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Y2K Fashion, Controversy, and Early Social Media Warnings: Sofia Coppola’s The Bling Ring

by Amy Walter

Over ten years ago, Sofia Coppola released an ode to all things 2000s in the film ‘The Bling Ring.’ The movie contrasted her previous works, with a more action-packed plot, inspired by the true story of valley teens turned criminals. 

Following main character Nicki, played Emma Watson, and her friends Marc, Rebecca, Chloe, and Sam, we see them smoke weed and rob their rich and famous neighbours. This role marked a renaissance for the Hermione actress, alongside her role in 2012’s ‘The Perks of Being a Wallflower’. 

With celebrities like Kirsten Dunst making appearances, and Paris Hilton even letting the crew shoot in her home, the film reflects upon the absurdity of celebrity culture during the early 2000s, remaining topical in the age of modern media and the resurgence of Y2K nostalgia.

For this film, Coppola was inspired by a Vanity Fair article titled ‘The Suspects Wore Louboutins’ by Nancy Jo Sales, which retells the lead up to the burglaries as well as the eventual fall out. 

Coppola was particularly inspired by how it “reflected celebrity culture now,” and the modern desire to be famous, whether that came from infamy or not. As for the film’s teenager protagonist, Coppola felt they were “delusional” on why they were receiving the fame and attention they had so desperately wanted.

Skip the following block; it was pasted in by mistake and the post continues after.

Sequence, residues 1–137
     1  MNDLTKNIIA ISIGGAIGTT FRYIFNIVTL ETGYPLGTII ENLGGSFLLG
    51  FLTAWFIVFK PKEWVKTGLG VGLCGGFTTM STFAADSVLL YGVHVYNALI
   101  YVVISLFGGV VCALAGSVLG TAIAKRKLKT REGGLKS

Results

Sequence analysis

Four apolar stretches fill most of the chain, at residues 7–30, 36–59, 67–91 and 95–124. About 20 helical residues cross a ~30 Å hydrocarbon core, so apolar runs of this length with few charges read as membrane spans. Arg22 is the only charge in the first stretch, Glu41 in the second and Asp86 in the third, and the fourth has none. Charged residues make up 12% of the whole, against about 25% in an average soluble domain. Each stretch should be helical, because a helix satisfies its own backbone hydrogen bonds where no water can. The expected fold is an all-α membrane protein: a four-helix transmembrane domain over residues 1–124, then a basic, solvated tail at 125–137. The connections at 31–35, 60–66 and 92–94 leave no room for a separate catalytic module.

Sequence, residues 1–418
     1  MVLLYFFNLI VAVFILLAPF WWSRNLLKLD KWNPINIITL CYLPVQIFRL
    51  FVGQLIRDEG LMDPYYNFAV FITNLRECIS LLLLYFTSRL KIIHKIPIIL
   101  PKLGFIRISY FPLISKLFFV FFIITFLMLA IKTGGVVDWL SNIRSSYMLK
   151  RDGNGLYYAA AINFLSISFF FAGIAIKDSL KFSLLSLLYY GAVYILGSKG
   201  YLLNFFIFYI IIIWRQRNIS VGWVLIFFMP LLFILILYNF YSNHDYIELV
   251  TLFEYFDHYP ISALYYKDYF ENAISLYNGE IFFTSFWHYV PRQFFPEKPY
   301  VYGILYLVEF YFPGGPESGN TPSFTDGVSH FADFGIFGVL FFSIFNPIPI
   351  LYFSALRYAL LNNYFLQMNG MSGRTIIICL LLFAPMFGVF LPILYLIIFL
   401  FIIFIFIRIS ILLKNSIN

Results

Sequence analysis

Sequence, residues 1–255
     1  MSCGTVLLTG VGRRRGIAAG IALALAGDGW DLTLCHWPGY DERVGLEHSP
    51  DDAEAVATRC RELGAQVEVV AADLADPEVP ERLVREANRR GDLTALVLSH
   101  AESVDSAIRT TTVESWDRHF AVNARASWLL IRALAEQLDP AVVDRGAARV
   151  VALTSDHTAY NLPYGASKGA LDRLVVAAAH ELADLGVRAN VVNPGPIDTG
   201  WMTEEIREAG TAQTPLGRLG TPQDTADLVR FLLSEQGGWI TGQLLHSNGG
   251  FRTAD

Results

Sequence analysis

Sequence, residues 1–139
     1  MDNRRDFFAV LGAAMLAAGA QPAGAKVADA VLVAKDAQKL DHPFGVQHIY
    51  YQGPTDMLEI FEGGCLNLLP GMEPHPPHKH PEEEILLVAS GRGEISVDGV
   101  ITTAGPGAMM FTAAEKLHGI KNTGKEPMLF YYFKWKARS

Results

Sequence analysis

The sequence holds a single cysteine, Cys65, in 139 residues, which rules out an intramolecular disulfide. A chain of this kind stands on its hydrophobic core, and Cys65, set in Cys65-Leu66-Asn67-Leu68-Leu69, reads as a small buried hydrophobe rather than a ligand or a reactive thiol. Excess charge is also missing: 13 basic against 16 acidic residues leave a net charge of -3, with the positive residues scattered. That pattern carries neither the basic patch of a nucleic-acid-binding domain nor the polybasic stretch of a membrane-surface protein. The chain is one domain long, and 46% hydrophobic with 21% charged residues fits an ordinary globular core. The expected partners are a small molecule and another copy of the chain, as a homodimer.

“That part of our culture,” Coppola told The Guardian, “used to be small – that pop, 'guilty pleasure' side of things. Now it just won't stop growing."

Following closely to the true story reported on by Vanity Fair. 

The audience is first introduced to Marc Hall, a shy teenager to a new town who is quickly befriended by fame obsessed Rebecca Ahn. The two begin stalking celebrities online and eventually find their whereabouts, beginning their long line of burglaries. As the rest of their friends get involved, suspicions begin to rise throughout the Hollywood A-listers. 

After security footage eventually leaks to the press, the group is caught and arrested. The film continues to mirror the original article, with a remorseful Marc telling the Vanity Fair journalist that Rebecca was the ringleader. 

The final scene depicts Nicki recounting her 30 days in jail on a talk show, which she uses to promote her website. Like the real-life story, Emma Watson’s Nicki Moore, based on Alexis Neiers, becomes the stylised heroine of the film. 

On the surface, her valley girl accent and large sunglasses embodies the stereotypical L.A girl. However, Sofia Coppola makes an active choice to show the cracks to how Nicki became involved in ‘the bling ring.’ 

Like her friends, Nicki is attracted to the unattainable world of celebrity stardom. Whether it's Lindsay Lohan or Paris Hilton, she ogles at their wealth and envies at the lack of hers. Despite claiming to the Vanity Fair reporter that her involvement in the crimes was a “huge learning experience,” Nicki’s final scene of dedicating the audience to her website ‘’ suggests otherwise.